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Ratio of angular speed with conservation of energy

  1. May 7, 2016 #1
    1. The problem statement, all variables and given/known data
    1. A ball rolls down an incline plane without slipping. What is the ratio of its angular velocity at h/3 to its angular velocity at 2h/3?
      1) 1:2
    2. 2) 1:sqrt(2)
    3. 3) 1:1
    4. 4) sqrt(2):1
    5. 5) 2:1

    2. Relevant equations
    Conservation of energy with provisions for rotational and translational motion.

    3. The attempt at a solution
    Hi everyone!

    I got this funky problem today. Here's what I tried to do:

    at h/3 I have potential energy resulting from lowering the ball a height of 2*h/3 that is converted to kinetic energy.

    Thus, I did the following
    m * g * (2h/3) = [(1 / 2) * m * v^2] + [(1 / 2 ) * I * omega^2]
    m * g * (2h/3) = [(1 / 2) * m * v^2] + [(1 / 2 ) * (2 / 5) * m * r^2 * (v^2 / r^2)]

    Rearrange to get an expression with v, and then substitute v = r * omega to get
    (20 * h * g)/ (21 * r^2) = omega^2 for the h/3 height

    OK. then I said that at height 2h/3 I have potential energy from descending h/3 converted to kinetic energy
    m * g * (h/3) = [(1 / 2) * m * v^2] + [(1 / 2 ) * I * omega^2]
    m * g * (h/3) = [(1 / 2) * m * v^2] + [(1 / 2 ) * (2 / 5) * m * r^2 * (v^2 / r^2)]

    Rearrange to get an expression with v and then substitute v = r * omega to get
    (10 * g * h) / (21 * r^2 ) = omega squared.

    Thus, my ratio would have been for the two omega squared terms to be:
    (20 * h * g)/ (21 * r^2) = omega^2 for the h/3 height : (10 * g * h) / (21 * r^2 ) = omega squared. for the 2h/3 height

    Simplifying the ratio for the omega squared gives 20 : 10 -----> 2:1.
    Taking the square root to compare just for the omegas gives sqrt(2) : 1.

    Thus, I got 4. The answer according to the writers is 2.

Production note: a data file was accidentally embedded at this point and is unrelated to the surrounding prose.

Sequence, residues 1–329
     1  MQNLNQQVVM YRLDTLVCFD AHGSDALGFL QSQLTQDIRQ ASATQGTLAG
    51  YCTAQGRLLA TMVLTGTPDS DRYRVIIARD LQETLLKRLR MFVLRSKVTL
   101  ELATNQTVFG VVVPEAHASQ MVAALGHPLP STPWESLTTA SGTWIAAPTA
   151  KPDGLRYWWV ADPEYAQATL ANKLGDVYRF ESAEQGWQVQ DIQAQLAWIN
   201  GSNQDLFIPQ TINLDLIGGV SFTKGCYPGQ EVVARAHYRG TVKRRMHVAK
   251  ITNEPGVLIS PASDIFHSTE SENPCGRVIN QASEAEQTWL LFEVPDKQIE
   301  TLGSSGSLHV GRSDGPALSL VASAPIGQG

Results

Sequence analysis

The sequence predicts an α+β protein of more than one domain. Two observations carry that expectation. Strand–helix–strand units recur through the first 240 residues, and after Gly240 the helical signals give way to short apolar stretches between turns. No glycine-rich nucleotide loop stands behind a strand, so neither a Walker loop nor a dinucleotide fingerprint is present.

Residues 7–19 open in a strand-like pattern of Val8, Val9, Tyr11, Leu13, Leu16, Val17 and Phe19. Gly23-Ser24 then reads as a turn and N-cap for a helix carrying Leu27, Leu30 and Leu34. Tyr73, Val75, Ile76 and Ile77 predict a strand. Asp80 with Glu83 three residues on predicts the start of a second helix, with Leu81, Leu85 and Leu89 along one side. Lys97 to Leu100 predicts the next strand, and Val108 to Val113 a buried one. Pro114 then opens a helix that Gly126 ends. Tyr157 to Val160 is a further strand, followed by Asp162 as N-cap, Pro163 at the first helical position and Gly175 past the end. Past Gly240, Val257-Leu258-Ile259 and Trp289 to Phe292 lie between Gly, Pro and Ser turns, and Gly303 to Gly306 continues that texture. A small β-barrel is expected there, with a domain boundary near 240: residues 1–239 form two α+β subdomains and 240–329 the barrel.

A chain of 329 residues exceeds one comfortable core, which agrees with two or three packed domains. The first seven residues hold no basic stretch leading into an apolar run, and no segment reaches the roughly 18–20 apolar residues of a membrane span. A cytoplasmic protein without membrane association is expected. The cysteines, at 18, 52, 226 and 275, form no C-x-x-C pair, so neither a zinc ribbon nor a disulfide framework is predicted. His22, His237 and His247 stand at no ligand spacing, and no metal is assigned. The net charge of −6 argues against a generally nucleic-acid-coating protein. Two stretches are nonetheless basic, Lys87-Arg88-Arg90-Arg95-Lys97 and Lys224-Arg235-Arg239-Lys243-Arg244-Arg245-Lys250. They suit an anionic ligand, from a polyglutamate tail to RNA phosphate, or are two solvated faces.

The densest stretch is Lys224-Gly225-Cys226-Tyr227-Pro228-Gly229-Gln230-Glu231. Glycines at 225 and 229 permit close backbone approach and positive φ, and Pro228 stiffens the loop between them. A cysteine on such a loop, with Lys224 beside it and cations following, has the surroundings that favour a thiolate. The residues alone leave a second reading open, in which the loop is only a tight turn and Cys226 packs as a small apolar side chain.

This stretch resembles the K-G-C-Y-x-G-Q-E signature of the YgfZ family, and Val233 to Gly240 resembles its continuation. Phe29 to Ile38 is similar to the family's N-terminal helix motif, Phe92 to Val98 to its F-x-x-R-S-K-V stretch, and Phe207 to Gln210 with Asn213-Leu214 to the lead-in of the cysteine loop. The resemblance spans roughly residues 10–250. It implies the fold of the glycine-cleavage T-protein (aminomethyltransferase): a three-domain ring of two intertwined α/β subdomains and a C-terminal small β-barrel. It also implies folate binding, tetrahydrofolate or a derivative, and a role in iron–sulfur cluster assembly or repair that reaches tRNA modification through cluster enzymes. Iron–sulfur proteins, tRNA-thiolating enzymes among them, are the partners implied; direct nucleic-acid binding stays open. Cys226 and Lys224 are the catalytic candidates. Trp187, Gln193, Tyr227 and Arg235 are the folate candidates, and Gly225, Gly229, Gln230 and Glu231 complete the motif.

Why is this the case?

    Thanks a lot for the help in advance!
     
  2. jcsd
  3. May 7, 2016 #2

    haruspex

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    It's not entirely clear what "at h/3" means. Is that h/3 from the bottom or from the top? Is there any further information that clarifies this?
     
  4. May 7, 2016 #3
    They did not provide any information. I believe that 'h' corresponds to the height at which the ball is initially launched on the ramp.
     
  5. May 7, 2016 #4

    haruspex

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    Sure, but that still doesn't nail down the meaning of "at h/3". It could still be measured from top or from bottom. Measured from bottom, your answer is correct.
     
  6. May 7, 2016 #5
    I have no idea... these authors write really crummy questions, which does not help as I have a final on monday. :-(
     
  7. May 7, 2016 #6

    haruspex

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    So you quoted the question exactly as given to you, word for word, and there is no diagram?
     
  8. May 7, 2016 #7
    Yes, sir!
     
  9. May 7, 2016 #8
    Yes, sir! I just assumed they had a ramp at an arbitrary angle, with it vertically ascending "h".
     
  10. May 7, 2016 #9

    haruspex

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    Well, either they were thinking of h/3 etc. as descent, i.e. measured from the top, or they messed up and gave the wrong answer.
     
  11. May 7, 2016 #10
    OK, thanks so much for helping and confirming what I did. Really appreciated!
     
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